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When I wear my mother's (hyperopic) glasses, almost everything appears blurry, (the reason for which was explained in this answer). What I don't understand, is why this doesn't work backwards. Assuming the corrective lens is biconvex with equal radii of curvature, I would expect that the wearer's eyes would appear to be blurry to me, which is not the case.

I beleive that when I look at the eyes of a person wearing glasses, I am looking at an image of their eyes. I think this is true because they may sometimes appear magnified, like in this case:

enter image description here enter image description here

However with this reasoning, wouldn't there be specific distances near the glasses, where the image of the eye, and the region surrounding it will appear blurred, because this image is behind the lens?

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    $\begingroup$ Try wearing her glasses and look at your finger when it is in front of the glasses the same distance as someone's eyes are behind their glasses. $\endgroup$
    – DKNguyen
    Oct 24 '21 at 17:12
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You are looking at the outer surface of the eye through the glasses. The eye forms its image on the retina.

If you took a picture of your mother wearing glasses that showed her retina, you could adjust the camera to see the retina in focus. Light from a point on the sensor of your camera would go through both the camera lens, the glasses, and her eye's lens to form a point on her retina. That means light from a point from her retina would follow the same rays backwards and form a point on your sensor.

On the other hand, when you wear her glasses, they cause rays from the camera sensor to come to a focus in front of or behind your retina. Light from that point could follow the rays backward to a point on the sensor, but a point on the retina would be out of focus.

The glasses themselves are usually weak lenses. Usually they have a focal length of a meter or so. Compare that to eye lenses which have (or should have) a focal length of the eye's diameter. Likewise, camera lenses have short focal lengths.

When you focus the camera on a face, light from a point on the face comes to a point on the camera sensor. Light from slightly farther or closer are almost points. The camera uses a small aperture, which blocks rays except those that travel pretty close to a straight line. These rays come to an almost point. This gives the camera some depth of field. A ranges of distances near the true focal plane are close enough to in focus that they look clear.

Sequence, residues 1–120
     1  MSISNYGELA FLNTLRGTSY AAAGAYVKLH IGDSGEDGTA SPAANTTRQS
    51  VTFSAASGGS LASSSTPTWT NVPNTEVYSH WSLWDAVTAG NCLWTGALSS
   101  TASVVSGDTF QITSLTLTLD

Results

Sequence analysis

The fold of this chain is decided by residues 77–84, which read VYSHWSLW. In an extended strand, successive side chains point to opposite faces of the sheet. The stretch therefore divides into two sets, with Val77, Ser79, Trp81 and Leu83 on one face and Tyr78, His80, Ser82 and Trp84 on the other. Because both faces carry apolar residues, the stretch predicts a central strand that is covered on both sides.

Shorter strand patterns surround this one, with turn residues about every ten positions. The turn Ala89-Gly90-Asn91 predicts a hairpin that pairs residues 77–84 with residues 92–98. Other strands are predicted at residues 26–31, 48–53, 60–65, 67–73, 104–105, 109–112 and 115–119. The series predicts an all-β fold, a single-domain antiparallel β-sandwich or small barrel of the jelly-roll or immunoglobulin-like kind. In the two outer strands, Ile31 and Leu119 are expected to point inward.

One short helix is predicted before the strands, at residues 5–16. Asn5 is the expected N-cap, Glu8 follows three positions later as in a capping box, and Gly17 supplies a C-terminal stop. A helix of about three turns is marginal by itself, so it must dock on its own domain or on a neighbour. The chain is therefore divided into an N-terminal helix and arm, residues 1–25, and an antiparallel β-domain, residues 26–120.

You can see the effect of an aperture by taking off your glasses and seeing the blurry world. Look through a pinhole and the focus improves. When you get an eye exam, this is why the opthalmologist puts drops in your eye to dilate it. He maximizes your eye's aperture so he can learn about all your eyes defects, not just the central portion.

The weak glass lenses change the angles of rays slightly, as if that portion of your face was a little closer or farther away. But not so much that it is noticeably out of focus, given the camera's depth of field. The eye's lenses is much stronger. The retina would be well out of focus.

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For either types of corrective lenses (which generally have a long focal length $f$ due to their small power), the object (eye) distance $p$ is usually lesser than $|f|$, and hence: $$\frac{1}{p} + \frac{1}{q} = \frac{1}{f} \rightarrow q = \frac{fp}{p-f} < 0 $$ Combining this information with $M = -\frac{q}{p}$ gives:

  • For a biconvex lens (hyperopic correction), the image formed is virtual and enlarged, like in the second picture of the question.
  • For a binconcave lens (myopic correction), the image formed is virtual and smaller, like in the first picture.

In either case, the result is the formation of a virtual image ($q < 0$) which is consequently behind the lens. If a person with proper eyesight looks at this virtual image, the image is perceived as an object, and will not appear blurred unless it lies closer than the viewer's near point.

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  • $\begingroup$ Shouldn't the denominator in your equation for q be (p-f) ? $\endgroup$ Oct 31 '21 at 21:57
  • $\begingroup$ @Not_Einstein, Thanks for pointing it out! $\endgroup$
    – Cross
    Nov 1 '21 at 4:26

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